Welcome, back. Between vacation and convention, the blog has been on a bit of holiday, but with the Day of Pentecost, we get back into the weekly offerings...
Ezekiel 37: 1 – 14
For the record, I never really got into the Dry Bones song. I did not care that the hip bone was connected to the thigh bone (although it really is, under the alias of Mr. Femur) But, what I do like about this text is the overpowering faith of the writer – that there is no death, no darkness, no hopelessness, that cannot be overcome by light and by life. Not even a valley of dry bones that have been picked clean by their own culture of death. (Culture of death… sounds a little too familiar).
As John Holbert describes it, this text is allegorical and historical all at the same time. Ezekiel, it is assumed, went into a Babylonian exile with the first wave of deportees in 597 B.C.E., a group that was added to when Nebuchadnezzar ten years later destroyed what remained of Jerusalem in a furious rage, capturing and blinding the king, Zedekiah, and herding the last leaders of a shattered Judah eastward to the huge Babylonian capital. (http://www.patheos.com/progressive-christian/2015/05/we-rattling-bones-john-c-holbert-05-15-2015)
Little wonder, then, that when Ezekiel speaks of dry bones in the valley, he means that two ways – the bleached remains of dead soldiers after the Babylonian onslaught and the empty future of Judah after this crushing defeat. So, in his dream or vision, when God drops him into this God-awful place – quite the experience I would imagine – and asks him, “Hey, pal, can these bones live?” how is a prophet to respond? (In Ezekiel’s case, it is with the patented side-step… “Oh, you would know better than I.”)
And, I love the imagery of what happens next in the story. Ezekiel is told to speak to the bones, that God will bring the bones to life again. He does, and they dramatically do. The dry bones of defeat and humiliation become the healthy host of Israel once again – there will be a future and there will be hope for a broken and scattered people. Life will triumph.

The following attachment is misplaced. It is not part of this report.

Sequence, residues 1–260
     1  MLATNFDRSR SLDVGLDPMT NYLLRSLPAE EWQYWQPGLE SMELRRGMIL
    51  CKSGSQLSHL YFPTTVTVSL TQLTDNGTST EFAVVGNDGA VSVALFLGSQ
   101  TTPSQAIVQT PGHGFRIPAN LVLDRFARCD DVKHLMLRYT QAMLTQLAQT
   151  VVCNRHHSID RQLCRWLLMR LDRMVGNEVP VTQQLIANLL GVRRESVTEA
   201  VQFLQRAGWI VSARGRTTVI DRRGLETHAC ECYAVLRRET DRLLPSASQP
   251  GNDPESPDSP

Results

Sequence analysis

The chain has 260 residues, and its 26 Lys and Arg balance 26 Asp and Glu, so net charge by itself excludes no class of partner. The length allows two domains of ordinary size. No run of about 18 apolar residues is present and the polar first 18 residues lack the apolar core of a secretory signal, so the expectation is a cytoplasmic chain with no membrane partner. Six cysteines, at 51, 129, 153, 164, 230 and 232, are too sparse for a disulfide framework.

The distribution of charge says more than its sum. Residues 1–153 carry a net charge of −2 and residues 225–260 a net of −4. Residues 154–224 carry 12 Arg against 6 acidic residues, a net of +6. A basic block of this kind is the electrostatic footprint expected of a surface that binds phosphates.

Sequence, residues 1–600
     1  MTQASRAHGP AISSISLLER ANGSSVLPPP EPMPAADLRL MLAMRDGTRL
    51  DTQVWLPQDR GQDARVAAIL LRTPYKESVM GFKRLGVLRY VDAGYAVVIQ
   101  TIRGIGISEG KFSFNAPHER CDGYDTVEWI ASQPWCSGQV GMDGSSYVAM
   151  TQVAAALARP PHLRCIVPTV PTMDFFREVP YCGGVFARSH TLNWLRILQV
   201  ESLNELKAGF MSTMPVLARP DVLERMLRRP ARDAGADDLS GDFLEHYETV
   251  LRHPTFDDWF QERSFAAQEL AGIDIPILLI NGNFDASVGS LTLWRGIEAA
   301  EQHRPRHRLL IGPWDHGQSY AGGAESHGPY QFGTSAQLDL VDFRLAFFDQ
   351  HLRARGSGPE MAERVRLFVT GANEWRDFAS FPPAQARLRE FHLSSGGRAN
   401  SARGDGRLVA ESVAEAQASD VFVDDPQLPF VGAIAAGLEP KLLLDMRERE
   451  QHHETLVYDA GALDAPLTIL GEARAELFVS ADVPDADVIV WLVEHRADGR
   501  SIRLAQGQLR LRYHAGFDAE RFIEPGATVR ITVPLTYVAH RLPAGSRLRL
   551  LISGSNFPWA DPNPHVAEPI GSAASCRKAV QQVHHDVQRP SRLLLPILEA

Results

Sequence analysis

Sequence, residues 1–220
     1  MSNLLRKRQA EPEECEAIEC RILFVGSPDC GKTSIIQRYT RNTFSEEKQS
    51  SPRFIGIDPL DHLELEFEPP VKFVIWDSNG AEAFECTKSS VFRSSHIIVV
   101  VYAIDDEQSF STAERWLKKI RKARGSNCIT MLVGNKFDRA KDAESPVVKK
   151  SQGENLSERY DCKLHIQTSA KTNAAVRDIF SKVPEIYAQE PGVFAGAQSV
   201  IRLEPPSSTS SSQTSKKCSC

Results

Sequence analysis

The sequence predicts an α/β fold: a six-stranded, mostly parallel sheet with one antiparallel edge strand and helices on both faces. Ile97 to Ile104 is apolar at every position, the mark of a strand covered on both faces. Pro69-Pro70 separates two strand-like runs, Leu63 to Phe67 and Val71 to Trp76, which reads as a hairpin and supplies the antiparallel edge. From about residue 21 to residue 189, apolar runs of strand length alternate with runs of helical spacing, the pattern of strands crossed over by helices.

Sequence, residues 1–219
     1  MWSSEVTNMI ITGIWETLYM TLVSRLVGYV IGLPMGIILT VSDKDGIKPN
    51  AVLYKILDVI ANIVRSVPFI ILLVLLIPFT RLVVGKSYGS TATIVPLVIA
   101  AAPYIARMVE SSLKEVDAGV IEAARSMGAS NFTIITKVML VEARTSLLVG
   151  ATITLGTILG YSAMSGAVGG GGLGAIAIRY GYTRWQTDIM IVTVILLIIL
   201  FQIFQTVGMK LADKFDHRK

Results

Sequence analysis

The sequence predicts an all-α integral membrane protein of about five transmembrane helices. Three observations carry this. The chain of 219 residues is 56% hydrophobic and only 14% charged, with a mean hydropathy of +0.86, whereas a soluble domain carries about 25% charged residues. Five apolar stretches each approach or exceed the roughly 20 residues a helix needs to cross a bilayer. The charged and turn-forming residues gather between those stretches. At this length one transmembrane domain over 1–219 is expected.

Acts 2: 1 - 21
A lot going on here. (And, not just the notion that the disciples were imbibing before lunchtime, though I cannot speak for some of them). So much of the content of the New Testament derives from the Old (duh) in that stories are often retold (Matthew’s Gospel is in many ways a reboot of the story of Israel, beginning with the exodus from Egypt….) and re-imagined. The writer of Luke looks back to all of the foundational stories from Genesis, but in this particular instance imagines the ending of the story of the Tower of Babel.
Where in that story we see the ripping apart of human community and get a foretaste of the misery that is in store for us as our dreams of an easy ascent into the realm of the gods is taken from us – humans have never tolerated frustration very well – the story in Acts – where suddenly everyone is able to hear good news in their own language – dangles the hope of a healing of that division, and the re-socialization that is possible through the power of love.
The day of Pentecost is the undoing of Babel. And, given the theme of the Ezekiel text, we see that one more dry valley – in this instance, the sum total of the human condition – is not beyond hope of repair either. The dry bones born of our malicious intent toward each other will not be our final judgement.
John 15:26-27; 16:4b-15
The ‘Advocate’, or the Spirit of Truth is the main focus of this text, and from an historical perspective, John’s gospel ties these sayings closely to the persecution of Jesus’ followers. Mark Heim (Saved from Sacrifice) delivers a fine explanation:
“Paraclete is a Greek word that is variously translated advocate, or helper, or intercessor. These words give a rather vague impression, while the original has a more specific flavor: one who appears on behalf of another, an advocate in the sense of representative for the accused, a defense attorney.
In the context of Jesus’ speech, which is focused on persecution past and future, the meaning is clear. The work of the paraclete is to testify by the side of victims, to be their advocate and to prove the world wrong. In the sacrificial ganging of all against a few, the few will not be left alone. There will always be at least one divine voice to speak for them. The world’s view of sin, righteousness, and judgment is summed up in the sacrificial dynamic. Sin becomes an excuse for persecution, righteousness becomes defined as submission to scapegoating, and judgment uses violence against violence.
The historical task of the Holy Spirit, which is another name for the paraclete, is to prove this wrong, by testimony to Christ. Christ is the counterexample. The world that crucified Jesus is wrong about sin and righteousness because it wrongly accused him of sin and refused to see the righteousness confirmed by God’s raising of Jesus, and wrong about judgment because the verdict against Jesus has been reversed. (p. 154)”